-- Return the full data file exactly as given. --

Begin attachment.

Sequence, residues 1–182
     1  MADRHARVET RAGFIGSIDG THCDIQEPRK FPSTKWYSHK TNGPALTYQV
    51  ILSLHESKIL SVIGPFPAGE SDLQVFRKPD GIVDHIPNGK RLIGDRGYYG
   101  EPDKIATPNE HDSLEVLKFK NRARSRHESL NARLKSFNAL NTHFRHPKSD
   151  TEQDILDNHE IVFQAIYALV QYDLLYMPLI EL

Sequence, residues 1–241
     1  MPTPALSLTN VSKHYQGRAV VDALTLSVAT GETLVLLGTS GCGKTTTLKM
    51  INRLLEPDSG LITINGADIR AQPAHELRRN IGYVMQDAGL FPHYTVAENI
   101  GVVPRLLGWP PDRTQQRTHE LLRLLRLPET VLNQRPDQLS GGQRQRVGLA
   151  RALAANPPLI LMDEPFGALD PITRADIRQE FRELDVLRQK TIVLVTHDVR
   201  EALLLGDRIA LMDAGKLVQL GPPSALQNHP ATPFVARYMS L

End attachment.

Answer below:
Sequence, residues 1–182
     1  MADRHARVET RAGFIGSIDG THCDIQEPRK FPSTKWYSHK TNGPALTYQV
    51  ILSLHESKIL SVIGPFPAGE SDLQVFRKPD GIVDHIPNGK RLIGDRGYYG
   101  EPDKIATPNE HDSLEVLKFK NRARSRHESL NARLKSFNAL NTHFRHPKSD
   151  TEQDILDNHE IVFQAIYALV QYDLLYMPLI EL

Sequence, residues 1–241
     1  MPTPALSLTN VSKHYQGRAV VDALTLSVAT GETLVLLGTS GCGKTTTLKM
    51  INRLLEPDSG LITINGADIR AQPAHELRRN IGYVMQDAGL FPHYTVAENI
   101  GVVPRLLGWP PDRTQQRTHE LLRLLRLPET VLNQRPDQLS GGQRQRVGLA
   151  RALAANPPLI LMDEPFGALD PITRADIRQE FRELDVLRQK TIVLVTHDVR
   201  EALLLGDRIA LMDAGKLVQL GPPSALQNHP ATPFVARYMS L